This unit acts as the liaison body between the competent units within the Division handling claims under the EU regulations and our counterparts in all the other Member States. It is also supervises and monitors the implementation process, while disseminating information to the general public about various related issues.
People and Matters covered by the EU Regulations
The Regulation applies to all Member State nationals who are or who have been covered by the social security legislation of one of the Member States, as well as to the members of their family and their survivors. This means that not only employees, self-employed persons, civil servants, students and pensioners, but also non-active persons will be protected by the coordination rules. The provisions concerning social security benefits covered by Regulation (EC) No 883/2004 are found in the 8 chapters it contains. The benefits paid by the Department of Social Security in Malta thus can be classified as follows:
Legislation and Schemes referred to in Article 3 of Regulation(EC) No. 883/2004
Legislation: Social Security Act (Cap. 318 of the Laws of Malta)
Date of entry into force: 7 May 1956
Schemes covered: All of the branches of social security referred to in Article 3 are provided for in this Act, with the exception of death grants and pre-retirement benefits for which Maltese legislation makes no provision.
- Sickness benefits
- Sickness Benefits in Cash
- Sickness Benefits in Kind
- Maternity and equivalent paternity benefits
- Maternity Benefit
- Maternity Leave Benefit
- Invalidity benefits
- Invalidity Pension
- Increased Invalidity Pension
- National Minimum Invalidity Pension
- Old-age benefits
- Two-Thirds Pension
- Retirement Pension
- Increased Retirement Pension
- National Minimum Pension
- Increased National Minimum Pension
- Decreased National Minimum Pension
- Contributory Retirement Grant for Non- Pensioners
- Survivors’ benefits
- Survivor’s Pension
- Widow/er Pension
- Benefits in respect of accidents at work and occupational diseases
- Injury Benefit
- Injury Pension
- Injury Grant
- Death grants
- Unemployment benefits
- Unemployment Benefit
- Pre-retirement benefits
- Family benefits
- Children’s Allowance
- Disabled Children’s Allowance
- Orphan’s Allowance
- Supplementary Orphan’s Allowance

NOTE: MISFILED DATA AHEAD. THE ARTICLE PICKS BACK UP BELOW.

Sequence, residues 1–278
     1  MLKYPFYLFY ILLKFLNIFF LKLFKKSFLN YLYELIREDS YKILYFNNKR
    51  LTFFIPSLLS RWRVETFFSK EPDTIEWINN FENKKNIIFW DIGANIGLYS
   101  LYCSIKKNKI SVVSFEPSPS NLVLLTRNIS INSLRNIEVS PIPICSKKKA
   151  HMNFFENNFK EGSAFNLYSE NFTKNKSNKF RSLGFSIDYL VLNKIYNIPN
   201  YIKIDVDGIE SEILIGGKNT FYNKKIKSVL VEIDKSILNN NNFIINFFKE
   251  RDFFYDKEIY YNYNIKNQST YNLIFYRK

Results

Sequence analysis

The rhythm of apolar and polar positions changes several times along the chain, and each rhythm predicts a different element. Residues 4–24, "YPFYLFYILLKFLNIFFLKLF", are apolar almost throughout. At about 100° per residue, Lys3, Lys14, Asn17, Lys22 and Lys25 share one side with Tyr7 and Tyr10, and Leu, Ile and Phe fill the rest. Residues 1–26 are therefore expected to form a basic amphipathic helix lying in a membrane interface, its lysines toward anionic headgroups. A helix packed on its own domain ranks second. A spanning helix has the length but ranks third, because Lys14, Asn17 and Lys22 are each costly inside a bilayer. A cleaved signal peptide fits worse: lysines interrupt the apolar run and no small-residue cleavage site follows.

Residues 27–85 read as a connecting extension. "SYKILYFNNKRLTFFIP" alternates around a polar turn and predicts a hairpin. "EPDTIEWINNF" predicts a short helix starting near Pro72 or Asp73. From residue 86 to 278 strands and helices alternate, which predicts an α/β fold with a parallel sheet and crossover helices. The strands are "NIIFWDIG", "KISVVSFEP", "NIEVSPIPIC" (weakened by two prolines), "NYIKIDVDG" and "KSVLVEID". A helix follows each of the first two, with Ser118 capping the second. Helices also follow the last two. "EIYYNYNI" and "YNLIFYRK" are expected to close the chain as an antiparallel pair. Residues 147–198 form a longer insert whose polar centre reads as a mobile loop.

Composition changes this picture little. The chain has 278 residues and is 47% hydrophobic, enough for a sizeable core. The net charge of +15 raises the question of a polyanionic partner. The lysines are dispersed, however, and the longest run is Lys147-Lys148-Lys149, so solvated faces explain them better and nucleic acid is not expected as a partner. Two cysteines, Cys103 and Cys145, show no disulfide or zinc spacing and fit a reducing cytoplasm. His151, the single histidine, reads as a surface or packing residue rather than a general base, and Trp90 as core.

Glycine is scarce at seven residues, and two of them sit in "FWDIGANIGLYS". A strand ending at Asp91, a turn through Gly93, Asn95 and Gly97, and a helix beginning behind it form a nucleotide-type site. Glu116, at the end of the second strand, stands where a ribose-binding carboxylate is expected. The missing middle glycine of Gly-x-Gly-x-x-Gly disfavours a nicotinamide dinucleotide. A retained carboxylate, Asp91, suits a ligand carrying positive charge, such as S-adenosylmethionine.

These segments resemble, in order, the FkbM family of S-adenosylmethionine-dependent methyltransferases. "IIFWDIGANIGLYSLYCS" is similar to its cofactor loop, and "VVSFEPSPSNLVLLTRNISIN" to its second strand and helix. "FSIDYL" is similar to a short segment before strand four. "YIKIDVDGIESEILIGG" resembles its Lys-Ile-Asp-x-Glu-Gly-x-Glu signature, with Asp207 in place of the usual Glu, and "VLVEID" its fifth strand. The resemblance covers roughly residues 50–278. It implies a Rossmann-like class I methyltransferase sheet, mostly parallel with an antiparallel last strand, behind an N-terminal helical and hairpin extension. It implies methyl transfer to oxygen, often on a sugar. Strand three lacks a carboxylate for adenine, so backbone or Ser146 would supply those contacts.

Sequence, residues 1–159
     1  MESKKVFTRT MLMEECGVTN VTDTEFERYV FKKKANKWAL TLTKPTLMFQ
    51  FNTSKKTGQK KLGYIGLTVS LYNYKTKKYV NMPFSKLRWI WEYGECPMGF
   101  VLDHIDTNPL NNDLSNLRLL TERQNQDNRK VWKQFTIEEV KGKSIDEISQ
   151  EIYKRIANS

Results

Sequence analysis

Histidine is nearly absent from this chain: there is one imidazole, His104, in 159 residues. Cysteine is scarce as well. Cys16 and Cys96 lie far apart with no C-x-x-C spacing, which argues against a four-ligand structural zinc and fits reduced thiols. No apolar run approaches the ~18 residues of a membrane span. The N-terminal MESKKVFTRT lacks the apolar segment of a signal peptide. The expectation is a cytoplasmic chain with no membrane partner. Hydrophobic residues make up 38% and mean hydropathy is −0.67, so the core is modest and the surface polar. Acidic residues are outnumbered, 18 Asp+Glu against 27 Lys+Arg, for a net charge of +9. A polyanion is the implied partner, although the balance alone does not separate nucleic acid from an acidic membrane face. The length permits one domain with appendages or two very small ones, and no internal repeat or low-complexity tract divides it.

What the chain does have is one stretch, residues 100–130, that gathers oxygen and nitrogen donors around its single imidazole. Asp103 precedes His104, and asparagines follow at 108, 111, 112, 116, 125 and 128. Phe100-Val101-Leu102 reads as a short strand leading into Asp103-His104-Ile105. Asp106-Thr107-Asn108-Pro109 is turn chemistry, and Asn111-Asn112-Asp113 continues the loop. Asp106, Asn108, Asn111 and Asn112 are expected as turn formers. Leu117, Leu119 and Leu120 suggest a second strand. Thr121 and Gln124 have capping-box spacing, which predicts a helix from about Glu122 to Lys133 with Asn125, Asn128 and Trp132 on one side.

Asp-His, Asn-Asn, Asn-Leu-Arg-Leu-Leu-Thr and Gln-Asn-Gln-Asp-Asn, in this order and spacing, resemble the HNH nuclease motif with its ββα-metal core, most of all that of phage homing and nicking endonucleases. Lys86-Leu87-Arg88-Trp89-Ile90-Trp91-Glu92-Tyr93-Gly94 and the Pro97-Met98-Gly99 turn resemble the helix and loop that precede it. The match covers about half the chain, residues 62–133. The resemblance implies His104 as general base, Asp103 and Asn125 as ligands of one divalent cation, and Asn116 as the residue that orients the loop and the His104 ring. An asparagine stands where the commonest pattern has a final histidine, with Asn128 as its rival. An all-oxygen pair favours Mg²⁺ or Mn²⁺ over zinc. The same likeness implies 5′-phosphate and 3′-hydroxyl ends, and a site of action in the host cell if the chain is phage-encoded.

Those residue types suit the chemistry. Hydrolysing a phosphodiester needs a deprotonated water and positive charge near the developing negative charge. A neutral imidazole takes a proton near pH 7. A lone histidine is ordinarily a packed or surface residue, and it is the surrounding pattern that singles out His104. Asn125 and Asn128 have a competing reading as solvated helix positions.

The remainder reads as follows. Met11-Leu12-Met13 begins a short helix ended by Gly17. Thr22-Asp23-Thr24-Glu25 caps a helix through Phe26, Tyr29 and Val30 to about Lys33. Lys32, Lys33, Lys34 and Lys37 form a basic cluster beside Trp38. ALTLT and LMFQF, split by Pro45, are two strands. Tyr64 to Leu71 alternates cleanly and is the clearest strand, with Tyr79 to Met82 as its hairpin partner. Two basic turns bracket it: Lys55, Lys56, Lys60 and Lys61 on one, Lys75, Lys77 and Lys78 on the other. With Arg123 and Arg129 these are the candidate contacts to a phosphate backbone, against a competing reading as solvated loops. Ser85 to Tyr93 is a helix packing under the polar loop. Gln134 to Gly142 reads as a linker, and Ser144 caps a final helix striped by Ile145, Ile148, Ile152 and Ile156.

- In- Work Benefit
- Special non-contributory cash benefits
- Age Pension
- Supplementary Allowance
The above benefits and schemes have been declared by Malta under Article 9 of Regulation (EC) No. 883/2004
The general principle is that a worker should be subject to the legislation of only one Member State at any one time. Workers are generally subject to the legislation of the state in which they are working, regardless of their place of residence or the location of the employer. Title II of the Regulation contains particular rules, such as rules for civil servants, who are subject to the legislation of the Member State to which the administration employing them is subject, or for persons who are employed or self-employed in several Member States.
Persons who are normally employed in two or more Member States are subject to the legislation of the Member State of residence if they pursue a substantial part of their activity in that Member State; if they do not pursue a substantial part of their activities in the Member State of residence they are subject to the legislation of the Member State in whose territory the registered office or place of business of their employer is situated. However, in the case of self-employment, a person is subject to the legislation of the Member State of residence if he/she pursues a substantial part of the activity in that Member State; if the person does not reside in one of the Member States in which he/she pursues a substantial part of his/her activity, he/she is subject to the legislation of the Member State in which the centre of interest of his/her activities is situated.
Special arrangements exist to provide for employees temporarily posted by their employer to work in another Member State. If the anticipated duration of the posting does not exceed 24 months (as provided by the new Regulations) and the employee is not replacing someone whose tour of duty has ended, the worker may remain insured in their “home” state’s scheme. If the work unexpectedly lasts longer than 24 months, the Member States involved may enter into a common agreement under Articles 16 of Regulation 883/2004, whereby the person may remain insured in the sending state. This agreement should be made in the interest of certain categories of persons and professions.
More information about the conditions under which a posting can take place within the legal framework of the Regulations can be found in the Practical Guide: The legislation that applies to workers in the European Union (EU), the European Economic Area (EEU) and in Switzerland.